October 16, 2009
In the seemingly permanent obsession over resolving the impermanent state budget, the seeking out of clues that the end to the 2009-10 budget is nigh is a mighty undertaking. Okay, maybe seeking hints to the completion of the budget is not quite as mighty as divining clues to the final days (which, if as shortwave radio nutcakes keep telling us we are in, may make resolving the budget somewhat trivial), but it’s pretty important to those who have a stake in the state’s budget, which is everybody in the state. Many clues were dropped in the past week, and it’s worth noting them.
The budget Michigan now operates under is due to expire in little more than two weeks, that is unless one works for a community college, the state judiciary, the departments of Military and Veteran Affairs, Transportation, Agriculture, Natural Resources, Environmental Quality, Corrections and Education. Those budgets for 2009-10 have been signed, and so if the state undergoes another shutdown beginning November 1, it will be limited.
However, the Senate has said the remaining budget bills for 2009-10 are also going to be sent to Governor Jennifer Granholm and, since she has already promised she would not veto complete budget bills, one can rest relatively assured that some creaking form of state government will wheeze along no matter what the political machinations tool out.
But that world which follows Lansing politics knows the budget is not now done (let us pass on the philosophical truth that no budget is ever really done and is tinkered on every year). So it was Senate Republicans who a week ago let loose the biggest clue that the budget may be “done” relatively soon, and also what the “final” budget might look like.
Because, despite all the protestations that have generated for months, Senate Republicans passed revenue increases.
Okay, accept the argument Republicans make that the package of changes they made will be a long-term tax decrease by phasing out the surcharge on the Michigan Business Tax. Long-term, it may in fact be just that. But short-term, what the Senate Republicans did raises money. Yes, plenty of people object to how they chose to raise money (largely by capping the Earned Income Tax Credit that goes to the poor), but they raised money.
And so the signal sent is the “final” budget resolution will include new revenues. The controlling body of one/third of the governing troika of Michigan has agreed to new revenues, and this is the controlling body that had repeatedly, publicly, said no new revenues should be needed.
Publicly they said that no new taxes are needed. Privately, and off the record (because such things are always said off the record), Republicans have said they understand the financial dynamics driving the state. Once the federal stimulus funds are gone, with the 2010-11 budget, unless the economy somehow miraculously revives to 1990s status (or maybe even 2003 status), state revenues will be simply insufficient to maintain basic services. The state is now literally at the stage of having to determine how many prisons to close, which universities to shutter, how many more roads to allow to return to gravel.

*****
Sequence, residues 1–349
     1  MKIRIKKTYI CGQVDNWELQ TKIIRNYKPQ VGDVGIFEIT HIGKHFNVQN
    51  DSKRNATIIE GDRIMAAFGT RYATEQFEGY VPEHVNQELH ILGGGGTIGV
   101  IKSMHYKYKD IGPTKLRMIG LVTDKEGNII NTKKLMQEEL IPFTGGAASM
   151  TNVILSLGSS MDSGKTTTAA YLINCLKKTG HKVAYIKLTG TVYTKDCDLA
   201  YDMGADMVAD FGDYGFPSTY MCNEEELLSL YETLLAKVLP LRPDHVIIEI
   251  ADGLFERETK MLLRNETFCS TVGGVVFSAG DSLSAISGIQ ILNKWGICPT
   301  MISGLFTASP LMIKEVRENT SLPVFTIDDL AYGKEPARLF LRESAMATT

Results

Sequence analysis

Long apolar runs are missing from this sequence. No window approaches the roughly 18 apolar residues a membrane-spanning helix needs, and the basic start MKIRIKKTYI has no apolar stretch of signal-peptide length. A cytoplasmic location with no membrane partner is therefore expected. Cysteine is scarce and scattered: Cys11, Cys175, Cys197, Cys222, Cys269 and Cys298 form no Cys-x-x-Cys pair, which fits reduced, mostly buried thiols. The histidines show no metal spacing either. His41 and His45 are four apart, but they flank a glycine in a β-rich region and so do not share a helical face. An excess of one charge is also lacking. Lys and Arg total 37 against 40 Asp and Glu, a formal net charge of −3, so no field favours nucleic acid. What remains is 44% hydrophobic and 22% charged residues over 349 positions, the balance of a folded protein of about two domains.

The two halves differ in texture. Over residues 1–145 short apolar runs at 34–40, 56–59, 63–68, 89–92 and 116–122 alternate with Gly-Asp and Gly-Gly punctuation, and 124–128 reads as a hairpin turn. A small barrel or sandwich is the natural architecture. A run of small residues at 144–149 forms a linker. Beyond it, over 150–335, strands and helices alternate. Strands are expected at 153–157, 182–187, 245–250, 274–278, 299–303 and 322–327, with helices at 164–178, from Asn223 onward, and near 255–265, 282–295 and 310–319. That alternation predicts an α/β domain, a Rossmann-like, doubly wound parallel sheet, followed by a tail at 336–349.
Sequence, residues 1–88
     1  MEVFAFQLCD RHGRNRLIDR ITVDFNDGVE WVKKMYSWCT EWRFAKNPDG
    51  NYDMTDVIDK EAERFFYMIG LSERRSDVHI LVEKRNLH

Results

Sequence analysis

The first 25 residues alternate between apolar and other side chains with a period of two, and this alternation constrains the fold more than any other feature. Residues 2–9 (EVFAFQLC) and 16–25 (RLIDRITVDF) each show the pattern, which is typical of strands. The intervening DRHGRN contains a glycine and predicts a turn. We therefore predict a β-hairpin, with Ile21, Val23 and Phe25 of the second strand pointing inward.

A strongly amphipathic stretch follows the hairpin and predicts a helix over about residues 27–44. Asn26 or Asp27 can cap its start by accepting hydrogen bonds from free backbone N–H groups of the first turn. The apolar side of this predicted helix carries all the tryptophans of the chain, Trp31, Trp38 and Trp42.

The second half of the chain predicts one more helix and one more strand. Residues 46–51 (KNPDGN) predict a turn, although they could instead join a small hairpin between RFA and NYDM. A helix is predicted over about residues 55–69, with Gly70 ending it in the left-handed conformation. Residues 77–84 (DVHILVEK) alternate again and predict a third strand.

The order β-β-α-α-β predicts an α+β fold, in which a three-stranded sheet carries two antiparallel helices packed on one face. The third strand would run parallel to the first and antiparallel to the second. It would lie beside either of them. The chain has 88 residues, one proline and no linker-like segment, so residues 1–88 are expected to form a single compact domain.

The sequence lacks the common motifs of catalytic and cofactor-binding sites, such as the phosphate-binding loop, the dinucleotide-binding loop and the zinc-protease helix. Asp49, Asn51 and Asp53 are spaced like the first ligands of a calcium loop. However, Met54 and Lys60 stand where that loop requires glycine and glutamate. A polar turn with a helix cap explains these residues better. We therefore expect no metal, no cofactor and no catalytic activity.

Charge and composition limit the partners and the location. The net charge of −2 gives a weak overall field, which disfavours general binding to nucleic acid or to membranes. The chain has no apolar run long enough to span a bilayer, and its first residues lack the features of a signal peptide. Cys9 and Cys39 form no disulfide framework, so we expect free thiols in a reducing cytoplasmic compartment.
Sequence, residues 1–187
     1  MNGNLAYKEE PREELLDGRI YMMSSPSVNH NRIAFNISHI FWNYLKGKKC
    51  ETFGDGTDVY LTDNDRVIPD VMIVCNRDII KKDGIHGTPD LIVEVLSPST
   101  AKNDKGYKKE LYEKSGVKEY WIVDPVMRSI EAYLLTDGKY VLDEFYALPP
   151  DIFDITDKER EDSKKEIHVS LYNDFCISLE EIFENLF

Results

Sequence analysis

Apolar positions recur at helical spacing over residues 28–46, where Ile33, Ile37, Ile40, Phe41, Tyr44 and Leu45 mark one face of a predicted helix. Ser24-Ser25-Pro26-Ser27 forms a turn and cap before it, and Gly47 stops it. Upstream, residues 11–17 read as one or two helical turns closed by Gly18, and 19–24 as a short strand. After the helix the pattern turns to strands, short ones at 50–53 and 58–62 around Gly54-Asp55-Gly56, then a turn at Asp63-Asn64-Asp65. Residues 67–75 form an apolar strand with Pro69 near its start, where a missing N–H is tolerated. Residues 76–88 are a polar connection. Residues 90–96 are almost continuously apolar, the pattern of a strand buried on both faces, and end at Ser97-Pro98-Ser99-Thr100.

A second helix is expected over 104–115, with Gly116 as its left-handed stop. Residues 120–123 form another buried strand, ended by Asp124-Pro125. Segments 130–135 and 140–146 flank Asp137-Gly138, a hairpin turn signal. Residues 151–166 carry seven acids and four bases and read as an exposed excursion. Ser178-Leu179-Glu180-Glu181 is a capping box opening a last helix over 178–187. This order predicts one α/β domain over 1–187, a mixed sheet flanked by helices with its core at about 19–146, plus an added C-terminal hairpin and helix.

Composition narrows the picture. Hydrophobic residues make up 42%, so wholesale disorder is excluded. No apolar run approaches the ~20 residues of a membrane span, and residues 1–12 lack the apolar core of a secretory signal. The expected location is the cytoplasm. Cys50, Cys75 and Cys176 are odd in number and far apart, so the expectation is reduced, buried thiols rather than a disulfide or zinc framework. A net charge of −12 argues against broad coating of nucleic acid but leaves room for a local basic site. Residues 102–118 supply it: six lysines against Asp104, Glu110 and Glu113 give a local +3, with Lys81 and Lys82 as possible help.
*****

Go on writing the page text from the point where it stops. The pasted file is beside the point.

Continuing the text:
And off the record, because they will only say these things off the record, Republicans say they know the state will need more money. Even though they are committed to cutting expenditures, and know expenditures will be cut, they say, off the record, that even with the budget cut, revenues, at least for the short-term, will be needed.
But they also say, again off the record, that they need to see actual changes to government, actual efforts to consolidate systems, simplify programs, make things more efficient, as their price for revenue increases. Ms. Granholm is beginning that process on her own, by recombining DNR and DEQ for example, and the Republicans say good, but show us more.
In this scenario, Democrats are largely agreed. They, too, want efficiency, though not at the cost of too many jobs.
So what do these clues indicate: that the “final” budget appears it will be a budget of contrasts for 2009-10, a budget that helps set up ongoing ironies of spending less but raising more money, of shrinking government by combining it and in some ways making it larger. The clues indicate that 2009-10 will be more of a transitional budget that will never really be final because as the economy shifts, and needs and spending requirements shift, and revenues shift by contracting or eventually growing, adjustments will be made.
The clues also indicate that these fights over budgets are likely to be a more regular feature of state governance, because the budgets will not ever really be final and the executive and lawmakers will have to move constantly, and one might hope more quickly, to make those adjustments.
And as to when lawmakers and Ms. Granholm will finally complete the “final” budget and move on to the next stage of the fight? Sorry, haven’t a clue.
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